Israel Quarantines Hundreds of ultra-Orthodox Children After Principal Tests Positive for Coronavirus

School had been ordered to stay open by Lithuanian Haredi leader Rabbi Chaim Kanievski, who later recanted and urged it to close due to the pandemic

Aaron Rabinowitz
Aaron Rabinowitz
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Ultra-Orthodox Jews walking in Bnei Brak, during a coronavirus lockdown, on March 17, 2020.
Ultra-Orthodox Jews walking in Bnei Brak, during a coronavirus lockdown, on March 17, 2020.Credit: Ofer Vaknin
Aaron Rabinowitz
Aaron Rabinowitz

The principal of one of the largest ultra-Orthodox primary schools in Israel, who kept his school open until last Wednesday following the instructions of Haredi leader Rabbi Chaim Kanievski, was confirmed to be a carrier of the coronavirus on Sunday.

His school has more than 1,000 pupils between the ages of 6 and 13, but only a few hundred have been attending school in recent weeks. Between 100 to 200 of them will now be quarantined.

Haaretz Weekly Ep. 72

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Last Tuesday, the principal was told to go into quarantine after being exposed to a coronavirus patient. He stopped going to work and started developing symptoms two days later. He was tested on Friday and was found to be infected on Sunday. He is currently at home with mild symptoms. He said that he followed hygienic procedures while at school and avoided contact with pupils. He asked parents to pray for him and to inform the Health Ministry of their children’s quarantine.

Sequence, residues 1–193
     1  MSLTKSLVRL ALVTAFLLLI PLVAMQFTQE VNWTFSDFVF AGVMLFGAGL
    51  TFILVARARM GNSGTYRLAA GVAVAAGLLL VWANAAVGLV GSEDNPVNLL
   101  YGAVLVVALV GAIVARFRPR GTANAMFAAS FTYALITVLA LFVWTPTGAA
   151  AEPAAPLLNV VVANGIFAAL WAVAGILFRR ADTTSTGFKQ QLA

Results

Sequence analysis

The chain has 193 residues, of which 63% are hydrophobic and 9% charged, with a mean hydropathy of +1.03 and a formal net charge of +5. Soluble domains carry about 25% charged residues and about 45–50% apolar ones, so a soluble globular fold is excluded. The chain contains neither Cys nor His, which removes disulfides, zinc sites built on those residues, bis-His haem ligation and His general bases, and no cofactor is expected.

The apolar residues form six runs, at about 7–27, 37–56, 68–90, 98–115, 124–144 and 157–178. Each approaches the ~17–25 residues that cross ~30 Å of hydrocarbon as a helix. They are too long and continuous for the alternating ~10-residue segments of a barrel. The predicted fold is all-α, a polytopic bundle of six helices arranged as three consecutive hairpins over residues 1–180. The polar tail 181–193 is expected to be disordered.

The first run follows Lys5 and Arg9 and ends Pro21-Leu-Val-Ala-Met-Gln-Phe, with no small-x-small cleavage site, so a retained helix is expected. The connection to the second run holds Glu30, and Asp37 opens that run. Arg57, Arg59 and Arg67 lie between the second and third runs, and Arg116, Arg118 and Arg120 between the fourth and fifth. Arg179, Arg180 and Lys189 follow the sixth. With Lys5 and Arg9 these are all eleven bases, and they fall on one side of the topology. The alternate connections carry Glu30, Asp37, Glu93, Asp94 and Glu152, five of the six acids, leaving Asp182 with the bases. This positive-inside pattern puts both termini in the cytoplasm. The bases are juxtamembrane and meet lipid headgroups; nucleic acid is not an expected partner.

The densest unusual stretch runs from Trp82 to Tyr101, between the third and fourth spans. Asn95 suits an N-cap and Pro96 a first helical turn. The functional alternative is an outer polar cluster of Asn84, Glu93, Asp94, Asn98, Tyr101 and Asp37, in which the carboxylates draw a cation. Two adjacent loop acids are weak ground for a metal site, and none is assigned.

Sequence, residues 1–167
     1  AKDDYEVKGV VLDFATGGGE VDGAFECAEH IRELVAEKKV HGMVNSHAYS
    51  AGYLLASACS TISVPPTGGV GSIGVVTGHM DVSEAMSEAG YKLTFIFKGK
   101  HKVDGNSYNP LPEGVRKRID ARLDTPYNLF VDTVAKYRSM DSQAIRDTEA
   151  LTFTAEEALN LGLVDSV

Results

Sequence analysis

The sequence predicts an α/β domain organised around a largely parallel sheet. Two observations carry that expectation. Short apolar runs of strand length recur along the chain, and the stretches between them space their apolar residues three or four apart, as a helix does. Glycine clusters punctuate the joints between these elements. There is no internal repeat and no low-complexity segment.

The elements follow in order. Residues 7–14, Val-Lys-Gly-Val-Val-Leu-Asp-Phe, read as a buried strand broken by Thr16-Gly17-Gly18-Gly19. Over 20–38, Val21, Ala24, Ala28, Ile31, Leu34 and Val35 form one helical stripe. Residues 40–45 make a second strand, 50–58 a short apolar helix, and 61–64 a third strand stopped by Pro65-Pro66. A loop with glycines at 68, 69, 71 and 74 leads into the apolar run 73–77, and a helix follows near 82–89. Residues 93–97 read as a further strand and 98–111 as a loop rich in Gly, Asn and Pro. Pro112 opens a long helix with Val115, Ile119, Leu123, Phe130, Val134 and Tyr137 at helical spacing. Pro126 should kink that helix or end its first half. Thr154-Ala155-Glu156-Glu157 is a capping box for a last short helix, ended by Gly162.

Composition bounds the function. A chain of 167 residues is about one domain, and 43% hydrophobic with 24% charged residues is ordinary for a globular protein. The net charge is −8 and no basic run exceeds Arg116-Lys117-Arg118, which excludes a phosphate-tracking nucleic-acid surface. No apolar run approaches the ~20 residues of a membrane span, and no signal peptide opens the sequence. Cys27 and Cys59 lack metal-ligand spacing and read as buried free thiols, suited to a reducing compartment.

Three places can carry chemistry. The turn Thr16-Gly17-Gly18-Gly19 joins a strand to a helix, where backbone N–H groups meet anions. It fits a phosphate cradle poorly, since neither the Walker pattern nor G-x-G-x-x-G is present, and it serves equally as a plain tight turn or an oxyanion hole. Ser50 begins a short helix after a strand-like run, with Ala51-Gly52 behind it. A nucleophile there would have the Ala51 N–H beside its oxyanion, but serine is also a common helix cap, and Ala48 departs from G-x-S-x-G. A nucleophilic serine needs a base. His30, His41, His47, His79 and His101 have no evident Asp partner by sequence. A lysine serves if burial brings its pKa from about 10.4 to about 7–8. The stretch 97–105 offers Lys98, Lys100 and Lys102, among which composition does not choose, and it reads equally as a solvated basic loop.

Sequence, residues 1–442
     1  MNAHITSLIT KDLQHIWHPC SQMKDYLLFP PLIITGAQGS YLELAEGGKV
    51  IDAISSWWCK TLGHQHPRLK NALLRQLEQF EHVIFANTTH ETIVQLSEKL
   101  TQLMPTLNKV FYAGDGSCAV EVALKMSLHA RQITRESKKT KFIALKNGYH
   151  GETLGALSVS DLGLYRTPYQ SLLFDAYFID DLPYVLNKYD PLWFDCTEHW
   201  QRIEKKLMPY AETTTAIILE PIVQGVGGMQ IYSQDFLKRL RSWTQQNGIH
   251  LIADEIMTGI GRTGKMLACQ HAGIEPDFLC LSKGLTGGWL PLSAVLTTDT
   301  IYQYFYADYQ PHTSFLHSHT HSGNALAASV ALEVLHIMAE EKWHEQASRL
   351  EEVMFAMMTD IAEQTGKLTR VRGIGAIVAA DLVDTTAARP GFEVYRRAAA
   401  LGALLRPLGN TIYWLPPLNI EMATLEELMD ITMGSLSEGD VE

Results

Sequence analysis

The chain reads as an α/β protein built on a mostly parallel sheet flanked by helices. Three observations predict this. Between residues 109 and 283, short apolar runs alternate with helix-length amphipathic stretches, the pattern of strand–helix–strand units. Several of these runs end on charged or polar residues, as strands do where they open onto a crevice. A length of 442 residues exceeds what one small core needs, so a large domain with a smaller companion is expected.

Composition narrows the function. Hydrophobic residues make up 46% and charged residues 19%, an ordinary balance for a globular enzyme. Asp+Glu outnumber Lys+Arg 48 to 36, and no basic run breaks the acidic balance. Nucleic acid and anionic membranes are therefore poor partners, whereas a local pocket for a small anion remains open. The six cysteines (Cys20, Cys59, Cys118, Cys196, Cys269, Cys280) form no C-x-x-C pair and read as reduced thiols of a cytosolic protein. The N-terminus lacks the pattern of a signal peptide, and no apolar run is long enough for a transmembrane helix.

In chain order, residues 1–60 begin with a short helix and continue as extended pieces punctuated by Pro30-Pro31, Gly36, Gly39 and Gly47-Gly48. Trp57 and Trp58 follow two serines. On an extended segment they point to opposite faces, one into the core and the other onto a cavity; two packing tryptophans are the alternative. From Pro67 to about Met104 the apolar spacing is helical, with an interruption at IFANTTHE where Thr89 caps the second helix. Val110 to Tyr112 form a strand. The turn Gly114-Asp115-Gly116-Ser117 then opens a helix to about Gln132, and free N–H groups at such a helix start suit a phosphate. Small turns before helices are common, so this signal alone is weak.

Over the last month, Kanievsky told his followers to continue with school as usual, even after the Health Ministry and Prime Minister Netanyahu ordered schools to be shut down. He claimed that this was riskier than the coronavirus. Yesterday he recanted and issued stringent instructions forbidding students and staff from coming to study halls.

Haaretz has learned that his school continued to operate after splitting up into groups. A senior administrator said that policemen had come to the school several times, but had allowed studies to continue in this new format.

“People didn’t realize the seriousness of the situation” said one parent, mentioning the stress people were now under. “We see what’s happening in New York, and we’ll see this later in Bnei Brak.” He said parents were afraid to send their children to school, but that the rabbi’s original ruling had affected the children, who wanted to continue studying. This is why many parents continued sending their children to school.

“It’s like murder,” said the parent.

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